New Casino Resort and Arena Proposed for Site of Vegas Strip’s Failed All Net Project

New Casino Resort and Arena Proposed for Site of Vegas Strip’s Failed All Net Project

The All Net Arena project site on the Las Vegas Strip might end up being a resort and basketball arena after all.

The 27 undeveloped acres at 2601 S. Las Vegas Blvd. were acquired by LVXP, a new group of Las Vegas real estate developers, in January. The group revealed their plans for the site on Monday. Among them are a multibillion-dollar, 2,500-room opulent resort that is anchored by an NBA-ready stadium with 20,000 seats and LVXP's own retail and dining area.


"We are honored to be stewards of this significant milestone in the city’s legacy,” said James R. Frasure Jr., CEO of LVXP, in a company press release. “Our commitment is to create a destination that captures the essence of Las Vegas and provides lasting benefits for the community.”


A casino is one feature that All Net did not guarantee, but LVXP offers at its resort. Steelman Partners, the firm behind Crocksfords Las Vegas in Resorts World and the Circa in downtown Las Vegas, will design it.


Absence of Details

The project's planning and construction expenses, the name of the hotelier who would run the resort, the amount LVXP paid for the property, and even the project's name are among the conspicuously absent facts.

In addition, it is unusual for an announcement of this size that no renderings of the proposed project were made public.

LVXP has high goals for itself in several ways. The resort may become the highest building west of the Mississippi River. This is due to LVXP's intention, as reported by the Las Vegas Review-Journal, to reactivate FAA clearances from 2008 that permitted building on the property up to little under 1,200 feet.

At 735 feet, the nearby Fontainebleau is currently the highest resort on the Strip, while the Stratosphere, the tallest building west of the Mississippi, is just 1,149 feet high.

Background Verification

Frasure, who founded LVXP in February 2023, lists his sole prior experience—as managing director of his own Cloudbreak Holdings company—on his LinkedIn page, but he doesn't include any dates. 

Christine Richards, the Chief of Staff at LXVP, joined the company three months ago and is the second of the three named principals. As to her LinkedIn profile, she has managed and directed wine enterprises for the past 15 years, and she also worked for COUNTRY Financial for three years as a financial representative.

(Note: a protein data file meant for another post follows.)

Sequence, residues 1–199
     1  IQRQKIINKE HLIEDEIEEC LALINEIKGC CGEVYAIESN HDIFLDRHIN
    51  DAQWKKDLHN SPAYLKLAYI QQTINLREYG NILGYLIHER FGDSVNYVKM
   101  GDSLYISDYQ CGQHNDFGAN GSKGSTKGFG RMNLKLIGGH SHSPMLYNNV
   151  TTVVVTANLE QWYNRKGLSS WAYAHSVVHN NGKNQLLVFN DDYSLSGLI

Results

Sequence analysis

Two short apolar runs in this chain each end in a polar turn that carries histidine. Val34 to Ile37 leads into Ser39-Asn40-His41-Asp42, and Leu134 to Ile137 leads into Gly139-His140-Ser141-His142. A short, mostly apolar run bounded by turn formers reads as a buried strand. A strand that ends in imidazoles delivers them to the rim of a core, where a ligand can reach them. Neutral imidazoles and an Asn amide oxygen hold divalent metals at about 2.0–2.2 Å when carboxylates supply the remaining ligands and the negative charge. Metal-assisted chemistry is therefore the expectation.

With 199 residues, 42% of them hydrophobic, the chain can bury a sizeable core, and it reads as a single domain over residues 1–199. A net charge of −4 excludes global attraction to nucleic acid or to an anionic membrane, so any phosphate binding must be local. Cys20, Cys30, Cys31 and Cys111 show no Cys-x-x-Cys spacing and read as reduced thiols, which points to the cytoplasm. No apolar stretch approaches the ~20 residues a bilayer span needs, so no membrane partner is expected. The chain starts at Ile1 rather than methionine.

Nick Tomasino, the chief construction officer, is the sole principal with a strong background in resort development. He too joined LVXP three months ago. According to his LinkedIn page, he held notable positions for five years as the senior vice president of construction for Sphere Entertainment, one and a half years as the director of design and construction for the Howard Hughes Corporation, and three years as the senior project manager for MGM Resorts International. 

The new proposal already has the support of Tick Segerblom, the chair of the Clark County Commission and a strong opponent of the previous landowner's delay tactics, although lacking established developers or specifics.

Segerblom is quoted as saying in the LVXP press release, "This is a well-conceived project that has the potential to transform a valuable undeveloped land parcel into a highly productive destination that contributes meaningful long-term value to the community and visitors alike."

Inauthentic Hoops

Since the park's 2004 closure, the location of the former Wet 'n Wild waterpark has been beset with unrealistic expectations. 

Initially, Paul Lowden's Archon Corporation declared intentions to construct a resort named Palace of the Sea in that location. Rather, in 2006 Lowden paid $450 million to developer Christopher Milam for the land. Crown Vegas, a $5 billion skyscraper resort, was Milam's concept, and Publishing and Broadcasting Limited supported him.

That project was abandoned in 2008. Two years later, Milam unveiled plans for the $750 million Silver State Arena. However, the project was abandoned when Clark County rejected a request to use public funds to pay for 15% of the arena. 

The $1.4 billion All Net Resort and Arena was supposed to be constructed on the site, according to plans revealed in 2013 by billionaire and former NBA player Jackie Robinson, who attended UNLV. However, despite declaring to the media that he had "done deals" with Credit Suisse, the Bank of Qatar, and the Clearwater Perpetual Master Trust during the previous ten years, Robinson was never able to secure money.